Today’s guest post is from Blair Glencorse, the Executive Director of the Accountability Lab.
As many readers of this blog know, the annual G20 meeting has a variety of associated processes, including a forum for engagement with global civil society known as the C20. This is an opportunity for civil society organizations (CSOs)—including grassroots groups, rights-focused organizations, and other activists—to feed policy recommendations directly to the most powerful governments in the world. This process has not been without challenges, especially when the G20 meeting is held in a country that is not exactly friendly to civil society activism (including Russia in 2013, China in 2016 and this year in Saudi Arabia). More generally, promises have not always matched realities, and governments have not always lived up to their commitments. Nevertheless, the C20 remains an important mechanism for ensuring that diverse, citizen-oriented voices from civil society are heard as part of G20 decision-making.
The C20 has a number of working groups, including an Anti-Corruption Working Group (ACWG), which I am co-leading this year with Dr. Saleh Al-Sheniefi. Our mandate is to prepare “comprehensive recommendations for consideration by leaders on how the G20 could continue to make practical and valuable contributions to international efforts to combat corruption.” The ACWG has active participation from civil society members from more than 50 countries, and—after consulting with other G20 engagement groups and consulted with numerous external experts—we have drafted a 3-page policy paper which will be sent to the parallel G20 Anti-Corruption Working Group in mid-May. The paper is open for comments for the next several weeks; and we would welcome any and all ideas from this blog’s readership.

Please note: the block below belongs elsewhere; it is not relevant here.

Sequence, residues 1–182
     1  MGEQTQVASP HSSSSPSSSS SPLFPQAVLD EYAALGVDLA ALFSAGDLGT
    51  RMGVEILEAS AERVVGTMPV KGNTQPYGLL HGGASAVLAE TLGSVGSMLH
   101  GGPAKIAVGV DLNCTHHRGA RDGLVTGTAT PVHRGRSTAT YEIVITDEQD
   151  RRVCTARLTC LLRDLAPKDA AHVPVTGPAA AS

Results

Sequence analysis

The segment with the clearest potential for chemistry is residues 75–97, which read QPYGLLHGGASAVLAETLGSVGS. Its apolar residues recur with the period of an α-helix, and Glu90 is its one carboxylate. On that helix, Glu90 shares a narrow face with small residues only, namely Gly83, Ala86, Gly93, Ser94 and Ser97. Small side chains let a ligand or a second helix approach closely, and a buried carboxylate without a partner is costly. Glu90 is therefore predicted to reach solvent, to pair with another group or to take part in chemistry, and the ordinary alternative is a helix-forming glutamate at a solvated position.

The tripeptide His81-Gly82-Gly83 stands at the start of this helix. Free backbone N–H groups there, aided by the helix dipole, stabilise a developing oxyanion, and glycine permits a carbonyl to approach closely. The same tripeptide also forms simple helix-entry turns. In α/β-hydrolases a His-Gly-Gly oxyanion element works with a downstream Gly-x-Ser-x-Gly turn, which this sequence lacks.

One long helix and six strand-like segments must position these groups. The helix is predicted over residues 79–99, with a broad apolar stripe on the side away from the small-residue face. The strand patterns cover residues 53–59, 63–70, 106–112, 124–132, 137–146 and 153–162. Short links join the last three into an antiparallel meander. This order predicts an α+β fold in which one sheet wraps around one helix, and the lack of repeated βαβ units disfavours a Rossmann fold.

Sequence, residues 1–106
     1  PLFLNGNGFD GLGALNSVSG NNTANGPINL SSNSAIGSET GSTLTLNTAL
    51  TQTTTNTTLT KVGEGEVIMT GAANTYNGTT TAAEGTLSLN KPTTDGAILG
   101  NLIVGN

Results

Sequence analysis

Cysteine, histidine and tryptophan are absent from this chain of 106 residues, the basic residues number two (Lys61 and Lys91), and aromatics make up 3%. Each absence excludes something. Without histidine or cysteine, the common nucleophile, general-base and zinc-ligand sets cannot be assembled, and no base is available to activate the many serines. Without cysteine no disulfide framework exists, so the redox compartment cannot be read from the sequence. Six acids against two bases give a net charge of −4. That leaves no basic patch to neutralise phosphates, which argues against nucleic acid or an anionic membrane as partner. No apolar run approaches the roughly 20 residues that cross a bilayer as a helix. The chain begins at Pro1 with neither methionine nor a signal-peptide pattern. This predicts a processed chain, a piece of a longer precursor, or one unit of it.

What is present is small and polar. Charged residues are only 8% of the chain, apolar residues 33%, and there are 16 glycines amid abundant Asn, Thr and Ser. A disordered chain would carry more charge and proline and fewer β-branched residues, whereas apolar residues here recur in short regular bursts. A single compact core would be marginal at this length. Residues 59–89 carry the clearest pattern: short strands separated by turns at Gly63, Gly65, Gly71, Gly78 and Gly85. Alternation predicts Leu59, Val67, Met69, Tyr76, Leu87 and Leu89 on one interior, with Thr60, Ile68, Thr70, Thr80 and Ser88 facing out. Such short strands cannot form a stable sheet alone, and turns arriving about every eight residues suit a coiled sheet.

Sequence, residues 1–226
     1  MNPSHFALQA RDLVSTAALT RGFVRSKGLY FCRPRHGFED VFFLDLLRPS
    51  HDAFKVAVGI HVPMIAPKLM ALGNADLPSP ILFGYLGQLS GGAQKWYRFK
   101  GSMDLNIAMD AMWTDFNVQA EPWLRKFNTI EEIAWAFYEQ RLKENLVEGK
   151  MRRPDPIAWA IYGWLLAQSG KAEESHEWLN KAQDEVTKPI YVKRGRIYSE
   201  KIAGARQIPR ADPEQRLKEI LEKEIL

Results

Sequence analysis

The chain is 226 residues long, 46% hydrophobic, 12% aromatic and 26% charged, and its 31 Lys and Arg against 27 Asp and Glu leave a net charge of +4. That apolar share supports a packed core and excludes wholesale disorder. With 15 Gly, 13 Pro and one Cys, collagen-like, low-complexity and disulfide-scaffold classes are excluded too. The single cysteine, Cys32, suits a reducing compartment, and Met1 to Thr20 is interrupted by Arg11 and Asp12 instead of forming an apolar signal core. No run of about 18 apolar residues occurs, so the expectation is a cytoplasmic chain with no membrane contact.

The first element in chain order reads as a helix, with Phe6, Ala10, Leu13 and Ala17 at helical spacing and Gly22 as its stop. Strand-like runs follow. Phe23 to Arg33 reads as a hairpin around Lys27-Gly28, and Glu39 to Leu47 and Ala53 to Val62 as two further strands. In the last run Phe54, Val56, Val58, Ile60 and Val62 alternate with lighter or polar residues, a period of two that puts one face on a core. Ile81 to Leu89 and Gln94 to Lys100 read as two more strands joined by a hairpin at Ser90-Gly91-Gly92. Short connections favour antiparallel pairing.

While there are obviously many aspects of the corruption problem and its potential solutions that we could have addressed, we chose to focus on what we understand to be the G20’s main anticorruption priorities. (Our thinking is that, while getting the G20 to listen and live up to its commitments is always challenging at best, the odds are better if civil society’s recommendations align with the G20’s own sense of its top priorities in this area.) In particular, our policy paper focuses on the following items: Continue reading